A common noun is the generic name for a person, place, or thing in a class or group. Unlike proper nouns, a common noun is not capitalized unless it either begins a sentence or appears in a title. Common nouns can be concrete (perceptible to the senses), abstract (involving general ideas or qualities), or collective (referring to a group or collection).
If you want to be my best friend, the Blue Moon Diamond would be a great gift idea.
Usually, it will be quite obvious if a specific person, place, or thing is being named.
A cat may scratch you if it is teased too much.
Seriously, you should watch yourself around Fluffy.
Ray likes to hike in the mountains.
Ray has climbed Mount Everest twice.
A girl rang the doorbell this afternoon while you were out.
Gigi rang the doorbell this afternoon while you were out.
Distinguishing between common nouns and proper nouns seems easy, so why do we really need to know the difference between them? The answer to that question is this: to assign capital letters correctly.
Common nouns Are lowercased
A frequent spelling error people make is to capitalize common nouns unnecessarily. Some words, like president, seem to beg for a capital letter because instinctively we want to emphasize their importance. But even this lofty title is a common noun if it does not name something or someone specific (in this case, a specific president).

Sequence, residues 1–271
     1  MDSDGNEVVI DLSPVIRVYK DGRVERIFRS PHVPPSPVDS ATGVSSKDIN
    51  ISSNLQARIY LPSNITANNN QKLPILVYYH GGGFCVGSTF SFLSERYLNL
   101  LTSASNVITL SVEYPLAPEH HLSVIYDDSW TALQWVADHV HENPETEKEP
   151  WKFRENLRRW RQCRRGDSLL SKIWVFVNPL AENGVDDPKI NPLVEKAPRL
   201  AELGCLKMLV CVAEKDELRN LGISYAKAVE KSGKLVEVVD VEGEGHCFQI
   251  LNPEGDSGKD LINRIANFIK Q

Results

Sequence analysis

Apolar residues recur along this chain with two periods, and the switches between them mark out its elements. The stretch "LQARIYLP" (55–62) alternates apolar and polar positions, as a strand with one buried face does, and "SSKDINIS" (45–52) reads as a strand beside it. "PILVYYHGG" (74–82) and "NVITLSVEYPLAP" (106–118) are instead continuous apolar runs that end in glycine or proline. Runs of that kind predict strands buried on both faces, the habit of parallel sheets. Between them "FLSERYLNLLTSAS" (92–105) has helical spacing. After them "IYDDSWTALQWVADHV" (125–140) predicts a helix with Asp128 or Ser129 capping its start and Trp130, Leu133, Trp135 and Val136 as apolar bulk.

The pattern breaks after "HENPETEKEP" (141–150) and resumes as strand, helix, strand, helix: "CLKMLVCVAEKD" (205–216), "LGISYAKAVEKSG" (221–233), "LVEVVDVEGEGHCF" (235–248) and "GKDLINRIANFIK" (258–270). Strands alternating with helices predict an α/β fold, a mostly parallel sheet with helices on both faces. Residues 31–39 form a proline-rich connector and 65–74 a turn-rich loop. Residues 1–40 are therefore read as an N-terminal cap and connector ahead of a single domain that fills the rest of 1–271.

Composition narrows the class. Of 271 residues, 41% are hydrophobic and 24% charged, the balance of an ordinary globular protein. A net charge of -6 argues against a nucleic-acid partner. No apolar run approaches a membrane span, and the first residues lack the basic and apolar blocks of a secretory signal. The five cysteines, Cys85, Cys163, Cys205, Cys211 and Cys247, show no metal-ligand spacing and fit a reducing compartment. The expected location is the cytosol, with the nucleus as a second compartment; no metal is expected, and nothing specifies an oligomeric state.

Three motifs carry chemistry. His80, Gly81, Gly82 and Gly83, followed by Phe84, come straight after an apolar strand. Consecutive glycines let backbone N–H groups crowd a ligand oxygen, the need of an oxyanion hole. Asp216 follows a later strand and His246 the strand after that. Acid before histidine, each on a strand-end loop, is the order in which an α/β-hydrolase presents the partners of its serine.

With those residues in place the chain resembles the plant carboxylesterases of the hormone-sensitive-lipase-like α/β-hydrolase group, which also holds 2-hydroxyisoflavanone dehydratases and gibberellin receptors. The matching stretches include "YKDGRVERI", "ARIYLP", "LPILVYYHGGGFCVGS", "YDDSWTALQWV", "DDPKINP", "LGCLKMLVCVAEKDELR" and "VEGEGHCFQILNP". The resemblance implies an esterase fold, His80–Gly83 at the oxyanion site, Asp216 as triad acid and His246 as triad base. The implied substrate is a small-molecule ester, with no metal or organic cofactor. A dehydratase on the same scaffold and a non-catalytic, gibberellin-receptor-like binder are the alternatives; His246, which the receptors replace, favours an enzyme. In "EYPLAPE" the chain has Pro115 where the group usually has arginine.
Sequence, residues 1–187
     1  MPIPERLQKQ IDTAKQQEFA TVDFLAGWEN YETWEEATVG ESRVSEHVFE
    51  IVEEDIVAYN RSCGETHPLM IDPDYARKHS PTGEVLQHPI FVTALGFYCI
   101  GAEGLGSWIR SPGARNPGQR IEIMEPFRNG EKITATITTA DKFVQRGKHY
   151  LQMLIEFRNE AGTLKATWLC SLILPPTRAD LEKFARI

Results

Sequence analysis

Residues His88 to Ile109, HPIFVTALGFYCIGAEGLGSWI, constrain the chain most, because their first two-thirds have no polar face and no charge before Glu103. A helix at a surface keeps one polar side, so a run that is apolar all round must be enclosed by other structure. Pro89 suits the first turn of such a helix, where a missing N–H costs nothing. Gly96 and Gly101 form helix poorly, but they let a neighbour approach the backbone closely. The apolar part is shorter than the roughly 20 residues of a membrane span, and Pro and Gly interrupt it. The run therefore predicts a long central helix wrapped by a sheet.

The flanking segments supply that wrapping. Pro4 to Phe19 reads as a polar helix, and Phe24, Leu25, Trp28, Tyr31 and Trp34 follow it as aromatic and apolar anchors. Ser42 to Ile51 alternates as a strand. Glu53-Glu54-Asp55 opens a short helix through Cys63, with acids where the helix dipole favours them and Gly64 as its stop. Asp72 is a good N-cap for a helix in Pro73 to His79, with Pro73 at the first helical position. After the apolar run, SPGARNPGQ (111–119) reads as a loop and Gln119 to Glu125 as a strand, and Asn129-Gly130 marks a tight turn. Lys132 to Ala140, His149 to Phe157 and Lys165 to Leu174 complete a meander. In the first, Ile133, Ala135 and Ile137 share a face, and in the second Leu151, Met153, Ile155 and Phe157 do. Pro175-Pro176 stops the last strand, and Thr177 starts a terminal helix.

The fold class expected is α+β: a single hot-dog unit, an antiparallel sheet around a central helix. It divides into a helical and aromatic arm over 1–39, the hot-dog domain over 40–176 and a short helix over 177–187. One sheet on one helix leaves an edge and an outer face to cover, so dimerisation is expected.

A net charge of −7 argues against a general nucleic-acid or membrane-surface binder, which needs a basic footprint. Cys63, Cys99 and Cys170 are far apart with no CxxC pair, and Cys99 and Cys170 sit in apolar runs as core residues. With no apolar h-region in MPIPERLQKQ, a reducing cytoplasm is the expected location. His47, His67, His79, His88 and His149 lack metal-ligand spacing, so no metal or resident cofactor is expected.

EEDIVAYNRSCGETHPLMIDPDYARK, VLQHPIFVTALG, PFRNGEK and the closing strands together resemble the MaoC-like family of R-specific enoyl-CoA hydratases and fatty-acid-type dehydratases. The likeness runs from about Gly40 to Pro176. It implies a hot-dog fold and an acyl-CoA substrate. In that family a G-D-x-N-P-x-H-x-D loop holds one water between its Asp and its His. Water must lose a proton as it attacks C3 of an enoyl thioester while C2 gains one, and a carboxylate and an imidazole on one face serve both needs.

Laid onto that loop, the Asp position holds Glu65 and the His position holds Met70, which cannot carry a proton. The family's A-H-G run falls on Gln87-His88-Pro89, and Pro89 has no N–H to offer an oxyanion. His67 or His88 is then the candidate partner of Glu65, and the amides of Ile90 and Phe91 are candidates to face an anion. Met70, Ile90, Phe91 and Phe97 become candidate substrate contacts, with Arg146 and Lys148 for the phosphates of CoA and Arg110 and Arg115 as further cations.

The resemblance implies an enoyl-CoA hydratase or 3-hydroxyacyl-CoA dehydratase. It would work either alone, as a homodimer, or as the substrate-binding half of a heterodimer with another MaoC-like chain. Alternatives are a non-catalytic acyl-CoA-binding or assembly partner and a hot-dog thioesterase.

In the penultimate example, the fact that George Washington is named at the beginning of the sentence may tempt you to capitalize president afterward, but you must resist this temptation. Here, George Washington is referred to as the first president of the United States—that is, the first in a number of presidents of the United States. Thus, in that example, president is a common noun.
In business writing, the common compound noun board of directors is often incorrectly capitalized in this way. Although you may idolize your company’s board of directors and put them on the proverbial pedestal, board of directors is not capitalized unless it is part of a proper noun.
This principle applies to every common noun, no matter how monumental its significance. Even if your noun represents the most momentous event the universe has seen, it must be named specifically to be proper and to don its capitals.